Friday, October 21, 2016

The Heartbreak of Overqualification

People who are hired usually have been scrutinized very carefully for company "fit," even if that fit is to maintain service which is failing... if you show up on the scene appearing too shiny, some of the stars nearby may be concerned about looking less so. 

My friend Melinda's story was not uncommon:  her heart had just been broken. It happens all the time, both in personal and professional lives, but knowing that didn't make it any easier for her.

But being rejected for being overqualified is one of those weird phenomenon that really only happens in careers, and until I read this article by Alison Green, I didn't quite have a handle on how to approach it. The danger with getting better at anything is there might be someone, somewhere, that can help you reach your dream one day... but they won't, because being better at something is not always a good thing.

We never see this in our personal lives, do we? Or at least I never have - either in my own or in any of my friends. As Alison alluded to in her article, I have yet to hear of someone saying to another person they've been dating, "I really think you're nice, but honestly, you're just too good looking, too funny, too polite, too caring, too stable, too rich, and too good in bed. I'm sorry, but this just isn't going to work!"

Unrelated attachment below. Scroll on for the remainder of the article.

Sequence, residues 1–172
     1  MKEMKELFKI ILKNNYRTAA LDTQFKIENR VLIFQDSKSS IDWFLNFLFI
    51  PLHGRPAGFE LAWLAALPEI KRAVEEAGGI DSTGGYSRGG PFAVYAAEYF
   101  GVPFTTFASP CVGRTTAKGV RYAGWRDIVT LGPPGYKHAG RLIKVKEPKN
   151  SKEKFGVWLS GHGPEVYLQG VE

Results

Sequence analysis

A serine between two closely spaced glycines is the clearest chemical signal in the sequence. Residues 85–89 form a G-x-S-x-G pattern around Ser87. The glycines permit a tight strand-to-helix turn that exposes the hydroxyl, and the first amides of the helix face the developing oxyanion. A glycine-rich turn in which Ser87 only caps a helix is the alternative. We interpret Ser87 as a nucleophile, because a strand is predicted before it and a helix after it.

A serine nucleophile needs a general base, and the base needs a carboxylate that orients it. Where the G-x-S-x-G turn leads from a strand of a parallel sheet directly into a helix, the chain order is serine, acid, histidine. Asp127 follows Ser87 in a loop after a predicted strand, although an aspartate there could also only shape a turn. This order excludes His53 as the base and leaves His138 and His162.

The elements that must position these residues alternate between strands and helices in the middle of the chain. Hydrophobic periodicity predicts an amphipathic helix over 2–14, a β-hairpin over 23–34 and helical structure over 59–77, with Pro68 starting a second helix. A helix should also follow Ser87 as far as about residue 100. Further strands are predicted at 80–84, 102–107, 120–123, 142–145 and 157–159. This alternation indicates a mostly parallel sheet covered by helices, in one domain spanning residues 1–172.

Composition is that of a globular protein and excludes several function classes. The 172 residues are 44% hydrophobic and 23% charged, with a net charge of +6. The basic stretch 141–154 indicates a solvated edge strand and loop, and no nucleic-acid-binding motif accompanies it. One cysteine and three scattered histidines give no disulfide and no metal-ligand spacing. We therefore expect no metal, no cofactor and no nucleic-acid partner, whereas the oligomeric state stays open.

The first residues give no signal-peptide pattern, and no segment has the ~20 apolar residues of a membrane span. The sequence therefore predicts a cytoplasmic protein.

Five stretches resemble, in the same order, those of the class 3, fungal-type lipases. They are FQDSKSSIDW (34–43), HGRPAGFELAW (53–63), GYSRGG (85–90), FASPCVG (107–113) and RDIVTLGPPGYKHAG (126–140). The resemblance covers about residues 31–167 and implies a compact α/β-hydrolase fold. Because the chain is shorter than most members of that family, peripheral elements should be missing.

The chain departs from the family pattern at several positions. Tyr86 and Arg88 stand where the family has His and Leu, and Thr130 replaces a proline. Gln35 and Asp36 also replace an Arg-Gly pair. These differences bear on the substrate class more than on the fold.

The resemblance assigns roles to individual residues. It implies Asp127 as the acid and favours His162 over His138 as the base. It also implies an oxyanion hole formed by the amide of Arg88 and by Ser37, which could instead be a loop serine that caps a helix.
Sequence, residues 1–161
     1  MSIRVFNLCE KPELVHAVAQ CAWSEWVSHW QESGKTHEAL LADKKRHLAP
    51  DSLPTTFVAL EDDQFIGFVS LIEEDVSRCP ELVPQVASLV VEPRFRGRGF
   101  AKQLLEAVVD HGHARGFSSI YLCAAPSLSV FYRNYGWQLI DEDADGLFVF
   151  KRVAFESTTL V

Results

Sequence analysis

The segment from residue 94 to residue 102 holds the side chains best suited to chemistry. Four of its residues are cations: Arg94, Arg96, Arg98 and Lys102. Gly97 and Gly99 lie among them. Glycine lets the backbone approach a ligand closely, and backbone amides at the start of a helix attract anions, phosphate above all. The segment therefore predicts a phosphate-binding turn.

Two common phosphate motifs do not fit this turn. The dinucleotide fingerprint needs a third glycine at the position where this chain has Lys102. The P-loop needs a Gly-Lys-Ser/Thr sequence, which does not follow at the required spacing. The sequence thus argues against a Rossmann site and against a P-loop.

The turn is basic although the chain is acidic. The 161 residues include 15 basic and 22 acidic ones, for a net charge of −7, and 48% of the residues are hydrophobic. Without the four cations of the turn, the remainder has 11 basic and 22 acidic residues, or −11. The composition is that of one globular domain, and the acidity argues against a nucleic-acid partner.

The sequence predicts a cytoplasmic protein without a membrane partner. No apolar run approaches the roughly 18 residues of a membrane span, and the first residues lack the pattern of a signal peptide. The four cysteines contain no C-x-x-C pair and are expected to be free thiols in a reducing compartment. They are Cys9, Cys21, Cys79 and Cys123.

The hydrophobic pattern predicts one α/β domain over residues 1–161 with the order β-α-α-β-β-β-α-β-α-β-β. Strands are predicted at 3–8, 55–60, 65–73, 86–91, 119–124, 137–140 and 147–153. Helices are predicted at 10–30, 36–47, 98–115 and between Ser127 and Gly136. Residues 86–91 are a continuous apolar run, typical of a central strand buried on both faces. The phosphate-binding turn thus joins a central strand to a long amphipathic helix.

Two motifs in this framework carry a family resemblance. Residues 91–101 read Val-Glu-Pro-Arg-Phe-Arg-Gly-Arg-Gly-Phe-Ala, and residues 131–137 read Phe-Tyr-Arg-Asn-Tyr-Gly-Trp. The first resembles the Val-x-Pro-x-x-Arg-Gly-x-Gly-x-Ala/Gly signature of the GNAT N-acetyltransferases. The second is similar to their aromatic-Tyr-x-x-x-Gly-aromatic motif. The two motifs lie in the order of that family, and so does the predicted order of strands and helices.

But it happens daily in countless interviews for candidates who may have just a bit more of something than the job they just applied for requires, and the employer or their hiring agent gets spooked that "this just isn't going to work." 

What's going on here with rejecting people who have the qualifications and then some plus added on? What's good about seeking to hire those with less talent, not more? 

Most people won't need to read further than this to know, as most people at some point in their career have run into the same difficulty and already figured it out. But what's important is not just the why, but what to do about it. We'll get to that later. For now, Alison's article lays out some ideas about what's happening and I'll focus on a few of my favorite points, edited with the help of Melinda and her recent experience.
  • Pay misalignment.  If you're now making $100K and your dream job pays $75K, you'll be immediately suspect of not showing all your cards. Remember, we live in a capitalistic society... why do you want to throw all that money away? That's the hurdle you may be up against, so be prepared to show that you can live just as well on the new lower salary, why the new job has those dream elements incorporated which make losing $25K/year acceptable to you, and in addition to concrete examples on why going for a job that pays $125K isn't on your radar instead. Sad, but for those in our world who money really isn't a motivating factor in determining job fulfillment... they have a lot of explaining to do.